Editor's note: Warren has announced that his son Matthew on Friday, April 5, 2013, died due to suicide after a long struggle with depression.
Rick Warren is going to the moon. Over ten years ago, the pastor of Saddleback Church in Orange County, California, authored The Purpose Driven Life, a book he wrote in about seven months while on sabbatical.
More than 32 million copies of the book have since been sold, making it the best-selling nonfiction hardback in history and catapulting the 59-year-old Southern Baptist onto the global media stage. He's been anointed as the next Billy Graham—as well as pilloried in the media as antigay, a schmoozer with dictators, and a false teacher.
This year, Warren is republishing The Purpose Driven Life with fresh material, and launching a public campaign based on the book's subtitle: "What on earth am I here for?" Warren describes his Peace Plan, the global outreach effort connected to the book, as the equivalent of President Kennedy's moon shot—putting a man on the moon within a decade. Warren's focus is the 3,400 people groups without Christians or a Bible in their own language.
Warren has set the deadline for reaching these 3,400 groups at the end of his final decade as Saddleback's senior pastor. In 1980, Warren vowed to retire in 2020, after 40 years in the pulpit. He spoke recently with Christianity Today senior editor, global journalism Timothy C. Morgan.
Was it really necessary to relaunch the second most translated book in the world, next to the Bible?
I started spending time with the 20-something crowd, and I realized a girl who was 12 years old when the book came out is now 22. She needs to know the purpose of her life as much as her parents did.
What I learned in the past 10 years was from reading thousands of letters. The two greatest barriers that keep people from fulfilling their purpose are envy and people-pleasing. Envy is the idea that I must be like you in order to be happy. If I'm envying you, then I'm going to miss God's purpose for my life. We live in a competitive culture where envy is the indoor sport of Americans—the envy trap.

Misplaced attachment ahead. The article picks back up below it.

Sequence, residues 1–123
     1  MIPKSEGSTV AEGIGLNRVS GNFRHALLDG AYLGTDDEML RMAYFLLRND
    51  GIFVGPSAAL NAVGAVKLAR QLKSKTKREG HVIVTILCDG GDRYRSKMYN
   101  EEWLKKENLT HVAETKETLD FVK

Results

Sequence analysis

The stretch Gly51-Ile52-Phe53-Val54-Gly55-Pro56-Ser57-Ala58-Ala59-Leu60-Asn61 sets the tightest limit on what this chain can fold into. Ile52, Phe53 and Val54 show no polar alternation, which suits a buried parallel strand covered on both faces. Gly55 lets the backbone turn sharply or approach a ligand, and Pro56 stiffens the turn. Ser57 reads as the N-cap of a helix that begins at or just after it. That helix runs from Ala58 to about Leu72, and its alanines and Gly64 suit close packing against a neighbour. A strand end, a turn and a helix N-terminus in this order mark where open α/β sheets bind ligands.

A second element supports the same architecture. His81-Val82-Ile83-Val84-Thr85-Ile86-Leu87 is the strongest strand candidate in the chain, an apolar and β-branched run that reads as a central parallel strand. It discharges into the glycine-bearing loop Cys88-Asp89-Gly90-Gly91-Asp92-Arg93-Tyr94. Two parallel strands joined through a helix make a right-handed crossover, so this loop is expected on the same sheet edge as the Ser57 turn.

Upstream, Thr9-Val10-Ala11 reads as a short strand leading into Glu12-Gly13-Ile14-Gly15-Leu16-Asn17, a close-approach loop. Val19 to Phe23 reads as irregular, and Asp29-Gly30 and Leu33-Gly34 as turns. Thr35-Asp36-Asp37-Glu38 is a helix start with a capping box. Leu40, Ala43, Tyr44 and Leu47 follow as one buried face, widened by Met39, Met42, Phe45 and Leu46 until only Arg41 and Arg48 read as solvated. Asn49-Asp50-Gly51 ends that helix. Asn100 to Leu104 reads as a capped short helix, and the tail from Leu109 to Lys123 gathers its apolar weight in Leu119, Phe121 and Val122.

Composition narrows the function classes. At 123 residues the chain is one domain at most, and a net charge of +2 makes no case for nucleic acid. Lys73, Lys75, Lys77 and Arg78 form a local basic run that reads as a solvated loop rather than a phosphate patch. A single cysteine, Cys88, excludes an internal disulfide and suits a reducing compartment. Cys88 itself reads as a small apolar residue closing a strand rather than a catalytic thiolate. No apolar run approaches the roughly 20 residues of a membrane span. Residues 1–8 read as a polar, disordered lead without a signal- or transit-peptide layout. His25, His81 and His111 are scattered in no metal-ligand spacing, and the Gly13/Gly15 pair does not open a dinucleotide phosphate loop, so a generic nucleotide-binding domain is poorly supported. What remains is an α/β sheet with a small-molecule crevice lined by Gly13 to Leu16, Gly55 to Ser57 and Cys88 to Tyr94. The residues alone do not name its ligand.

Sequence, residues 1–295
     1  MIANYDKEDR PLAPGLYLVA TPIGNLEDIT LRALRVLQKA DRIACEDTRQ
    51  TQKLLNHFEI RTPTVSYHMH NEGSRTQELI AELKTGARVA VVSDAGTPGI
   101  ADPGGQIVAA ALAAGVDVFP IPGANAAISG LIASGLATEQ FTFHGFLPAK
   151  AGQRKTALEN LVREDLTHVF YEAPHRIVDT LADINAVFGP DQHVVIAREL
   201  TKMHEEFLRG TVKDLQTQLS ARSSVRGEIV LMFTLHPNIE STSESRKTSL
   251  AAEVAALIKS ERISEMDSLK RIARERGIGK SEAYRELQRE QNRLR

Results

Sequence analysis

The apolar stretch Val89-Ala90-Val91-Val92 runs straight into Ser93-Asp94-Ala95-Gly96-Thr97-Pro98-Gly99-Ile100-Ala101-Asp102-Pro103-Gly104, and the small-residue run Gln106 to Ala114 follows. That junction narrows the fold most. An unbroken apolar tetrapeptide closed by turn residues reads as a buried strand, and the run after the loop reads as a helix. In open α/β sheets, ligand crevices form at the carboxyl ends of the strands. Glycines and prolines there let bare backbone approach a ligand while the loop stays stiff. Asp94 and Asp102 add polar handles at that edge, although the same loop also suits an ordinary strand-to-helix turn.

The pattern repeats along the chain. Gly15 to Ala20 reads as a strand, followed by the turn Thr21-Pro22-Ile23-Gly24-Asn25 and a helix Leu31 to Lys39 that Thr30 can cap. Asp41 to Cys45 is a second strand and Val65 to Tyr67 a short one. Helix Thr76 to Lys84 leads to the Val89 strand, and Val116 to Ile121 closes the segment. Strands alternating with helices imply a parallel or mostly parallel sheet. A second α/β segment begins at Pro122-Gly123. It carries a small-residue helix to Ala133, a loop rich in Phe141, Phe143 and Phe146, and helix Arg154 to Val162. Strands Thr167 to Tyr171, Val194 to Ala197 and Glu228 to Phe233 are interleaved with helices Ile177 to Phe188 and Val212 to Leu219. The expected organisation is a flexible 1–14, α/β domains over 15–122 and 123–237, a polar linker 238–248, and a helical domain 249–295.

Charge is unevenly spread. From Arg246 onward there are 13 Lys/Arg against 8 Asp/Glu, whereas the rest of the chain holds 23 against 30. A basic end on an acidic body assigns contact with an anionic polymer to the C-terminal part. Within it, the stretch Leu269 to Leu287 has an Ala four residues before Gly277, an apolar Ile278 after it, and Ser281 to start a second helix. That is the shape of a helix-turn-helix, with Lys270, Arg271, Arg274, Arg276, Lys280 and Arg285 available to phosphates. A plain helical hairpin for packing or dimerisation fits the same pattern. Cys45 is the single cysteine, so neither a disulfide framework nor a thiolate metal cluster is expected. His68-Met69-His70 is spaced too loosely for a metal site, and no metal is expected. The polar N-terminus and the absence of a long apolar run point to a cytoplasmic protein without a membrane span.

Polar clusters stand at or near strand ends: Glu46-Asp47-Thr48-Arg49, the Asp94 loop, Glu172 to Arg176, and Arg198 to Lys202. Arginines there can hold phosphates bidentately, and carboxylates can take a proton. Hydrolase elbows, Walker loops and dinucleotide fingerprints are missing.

The other barrier is people-pleasing, which says, "I must be liked by you to be happy." I got letters from people who said, "I know what God wants me to do, what I should be doing with my life, but my husband wouldn't approve." "My wife wouldn't approve." "My parents wouldn't approve." The fear of disapproval and the need to please people are barriers to living your purpose.
When I wrote Purpose Driven Life, I had absolutely no idea how often I was going to be tested personally by the first sentence of the book: "It's not about you." It's really all about God, and your purpose is far greater than your personal fulfillment.
I had no idea that sentence would haunt me daily. People want to either put you on a pedestal or knock you off it, and both [places] are not where you're supposed to be.
I summarize my life like this: A great commitment to the Great Commandment and the Great Commission will grow a great Christian. It will grow a great church. It will grow a great country. It will grow a great company. But primarily it will grow a great Christian.